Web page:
Top 10 Research Findings 2012 #1

This is the last post of this series!

#1 The impact of tutorials on games of varying complexity

This study takes a look at another important component of games, the tutorial.  When designing a game, we always must decide how we will teach our users how to play the game itself.  And most good, high quality games do an excellent job at scaffolding the game play learning into the beginning levels of the game in order to allow a player to demonstrate proficiency with the game itself prior to increasing difficulty of the concepts or tasks within the game.  This study can help inform us on games that are not super high quality Call of Duty type games, since we are unlikely to have that kind of budget available to us.

foldit-pic

This study leveraged three games: Refraction, Hello Worlds & Foldit.  While refraction and hello worlds are very simple puzzle games, Foldit is quite complex and is an excellent example of games used for real work science tasks  (www.fold.it).  The researchers in this study hypothesized that the inclusion of a tutorial would exhibit better player engagement and retention, that tutorial that present instructions in context would be more effective, and that tutorials that force a player to complete them would improve engagement and retention.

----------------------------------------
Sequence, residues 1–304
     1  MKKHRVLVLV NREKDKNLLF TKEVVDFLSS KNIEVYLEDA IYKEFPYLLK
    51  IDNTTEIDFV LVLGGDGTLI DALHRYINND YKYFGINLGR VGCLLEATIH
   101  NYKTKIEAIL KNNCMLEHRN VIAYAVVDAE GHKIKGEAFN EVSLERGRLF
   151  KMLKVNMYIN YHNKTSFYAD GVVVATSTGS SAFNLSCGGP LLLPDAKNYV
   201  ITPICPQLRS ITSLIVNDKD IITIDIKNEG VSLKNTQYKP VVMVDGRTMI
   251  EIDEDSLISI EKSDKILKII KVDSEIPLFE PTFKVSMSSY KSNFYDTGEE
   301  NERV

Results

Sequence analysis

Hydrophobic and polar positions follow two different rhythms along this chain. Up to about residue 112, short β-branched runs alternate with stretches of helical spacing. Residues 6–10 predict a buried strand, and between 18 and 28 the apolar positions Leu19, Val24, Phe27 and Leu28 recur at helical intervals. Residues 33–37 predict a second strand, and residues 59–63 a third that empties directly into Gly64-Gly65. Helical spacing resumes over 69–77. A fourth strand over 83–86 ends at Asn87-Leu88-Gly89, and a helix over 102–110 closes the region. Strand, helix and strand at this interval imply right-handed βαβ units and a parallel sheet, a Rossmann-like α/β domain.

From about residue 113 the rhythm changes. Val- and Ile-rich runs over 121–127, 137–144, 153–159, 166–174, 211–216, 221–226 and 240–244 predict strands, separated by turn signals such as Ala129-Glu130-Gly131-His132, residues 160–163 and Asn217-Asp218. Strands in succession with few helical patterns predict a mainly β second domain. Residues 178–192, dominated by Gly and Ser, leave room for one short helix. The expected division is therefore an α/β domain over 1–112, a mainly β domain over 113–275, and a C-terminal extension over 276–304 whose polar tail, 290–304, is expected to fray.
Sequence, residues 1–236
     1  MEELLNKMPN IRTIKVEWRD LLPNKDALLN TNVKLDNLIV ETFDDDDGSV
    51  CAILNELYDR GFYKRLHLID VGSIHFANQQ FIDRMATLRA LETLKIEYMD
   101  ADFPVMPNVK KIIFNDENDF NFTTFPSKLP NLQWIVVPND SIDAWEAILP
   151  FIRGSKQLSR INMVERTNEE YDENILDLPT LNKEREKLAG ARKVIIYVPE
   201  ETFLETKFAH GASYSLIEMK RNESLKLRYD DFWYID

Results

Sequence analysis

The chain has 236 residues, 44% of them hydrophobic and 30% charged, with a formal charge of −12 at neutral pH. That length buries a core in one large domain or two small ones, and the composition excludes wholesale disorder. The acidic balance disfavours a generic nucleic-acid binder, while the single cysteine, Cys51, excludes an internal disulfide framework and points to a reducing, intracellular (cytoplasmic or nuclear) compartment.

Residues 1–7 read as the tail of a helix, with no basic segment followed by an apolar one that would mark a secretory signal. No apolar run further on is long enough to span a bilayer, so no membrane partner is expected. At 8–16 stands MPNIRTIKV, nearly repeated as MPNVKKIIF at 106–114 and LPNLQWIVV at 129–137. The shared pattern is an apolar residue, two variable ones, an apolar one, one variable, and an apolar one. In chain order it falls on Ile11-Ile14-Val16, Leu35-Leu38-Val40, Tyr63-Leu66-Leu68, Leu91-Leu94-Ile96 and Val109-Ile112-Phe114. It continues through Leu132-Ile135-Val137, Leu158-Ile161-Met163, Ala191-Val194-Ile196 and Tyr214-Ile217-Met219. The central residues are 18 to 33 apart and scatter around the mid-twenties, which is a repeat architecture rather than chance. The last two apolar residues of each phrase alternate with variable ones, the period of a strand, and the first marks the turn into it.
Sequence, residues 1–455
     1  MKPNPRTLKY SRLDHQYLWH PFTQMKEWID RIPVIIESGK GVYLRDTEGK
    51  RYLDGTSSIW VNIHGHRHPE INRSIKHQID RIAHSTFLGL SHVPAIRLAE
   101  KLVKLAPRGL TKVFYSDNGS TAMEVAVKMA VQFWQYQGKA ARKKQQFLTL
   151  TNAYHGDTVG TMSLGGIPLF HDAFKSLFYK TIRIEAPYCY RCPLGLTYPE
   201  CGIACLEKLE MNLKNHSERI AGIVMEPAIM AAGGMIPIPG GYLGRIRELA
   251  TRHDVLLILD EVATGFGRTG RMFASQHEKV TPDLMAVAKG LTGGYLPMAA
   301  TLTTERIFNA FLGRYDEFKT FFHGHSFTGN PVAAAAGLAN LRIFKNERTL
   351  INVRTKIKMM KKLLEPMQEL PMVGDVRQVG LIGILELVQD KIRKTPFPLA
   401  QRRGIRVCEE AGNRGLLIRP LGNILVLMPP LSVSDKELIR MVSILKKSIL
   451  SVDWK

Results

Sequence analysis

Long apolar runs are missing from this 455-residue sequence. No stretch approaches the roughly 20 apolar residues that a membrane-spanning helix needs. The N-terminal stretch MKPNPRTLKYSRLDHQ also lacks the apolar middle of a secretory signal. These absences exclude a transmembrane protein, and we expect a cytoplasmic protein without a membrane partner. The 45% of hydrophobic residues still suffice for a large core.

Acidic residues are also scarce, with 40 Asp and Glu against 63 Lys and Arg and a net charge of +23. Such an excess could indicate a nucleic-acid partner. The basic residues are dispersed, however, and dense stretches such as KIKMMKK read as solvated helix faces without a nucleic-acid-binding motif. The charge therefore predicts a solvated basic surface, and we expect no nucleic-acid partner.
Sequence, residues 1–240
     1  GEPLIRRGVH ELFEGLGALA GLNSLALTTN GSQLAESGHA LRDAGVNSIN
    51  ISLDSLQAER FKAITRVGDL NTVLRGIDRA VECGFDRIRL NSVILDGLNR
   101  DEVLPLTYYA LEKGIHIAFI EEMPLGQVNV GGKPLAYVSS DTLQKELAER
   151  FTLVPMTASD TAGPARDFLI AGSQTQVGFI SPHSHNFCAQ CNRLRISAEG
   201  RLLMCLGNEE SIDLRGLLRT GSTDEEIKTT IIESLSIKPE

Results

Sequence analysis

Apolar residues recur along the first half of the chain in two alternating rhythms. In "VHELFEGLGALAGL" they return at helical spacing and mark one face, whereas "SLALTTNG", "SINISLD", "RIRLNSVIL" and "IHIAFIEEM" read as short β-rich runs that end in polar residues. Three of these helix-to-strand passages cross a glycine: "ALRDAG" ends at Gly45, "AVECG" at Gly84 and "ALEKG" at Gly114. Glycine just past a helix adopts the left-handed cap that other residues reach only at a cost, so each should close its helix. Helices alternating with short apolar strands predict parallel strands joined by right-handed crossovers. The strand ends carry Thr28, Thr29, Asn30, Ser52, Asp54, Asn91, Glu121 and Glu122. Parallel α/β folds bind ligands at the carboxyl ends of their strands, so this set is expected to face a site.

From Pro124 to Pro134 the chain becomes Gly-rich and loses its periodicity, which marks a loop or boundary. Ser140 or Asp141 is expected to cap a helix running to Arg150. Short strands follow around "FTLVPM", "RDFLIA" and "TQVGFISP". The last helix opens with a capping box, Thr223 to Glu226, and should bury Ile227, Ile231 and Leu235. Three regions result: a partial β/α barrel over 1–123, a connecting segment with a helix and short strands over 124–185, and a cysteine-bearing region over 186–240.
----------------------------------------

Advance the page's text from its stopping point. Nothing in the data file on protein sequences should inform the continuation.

This study leveraged 8 types of tutorials.  The most relevant types of tutorials will be discussed here.  The first type was on demand tutorial information that the player could access if necessary.  The second type provided tutorial content within the context of the game.  The final type restricted the player from moving forward prior to its full completion.

teaser

The findings of the study indicated that only the most complex game (foldit) justified the inclusion of a tutorial.  It was suggested that this might be due to the two simpler games possessing mechanics that might be easily discovered through experimentation.  The contextually sensitive tutorial did improve player engagement in Foldit (the only game that justified a tutorial’s presence), indicating that players with the contextually sensitive tutorial played 40% more levels and played 16% longer.  The third type of tutorial, forced, did not affect player behavior in any way.  The first type of a tutorial, the on demand tutorial actually seemed to have a negative impact on engagement in Refraction (although only 31% used it) but increased engagement a small amount in Hello Worlds.

In common words, the use of a tutorial and what type of tutorial is used can impact user engagement!  Specifically, using any type of tutorial in a simple game in which the game mechanic might be uncovered easily through gameplay might have a negative impact.  The use of tutorials in complex games was beneficial, with the tutorial with contextual cues being the most beneficial and leading to more play and increased time of play.

Andersen, E.; O’Rourke, E.; Liu, Y.; Snider, R.; Lowdermilk, J.: truong, D.; Cooper, S.; & Popovic, Z. (2012).  The Impact of Tutorials on Games of Varying Complexity.  Paper presented at CHI’12, Austin, TX.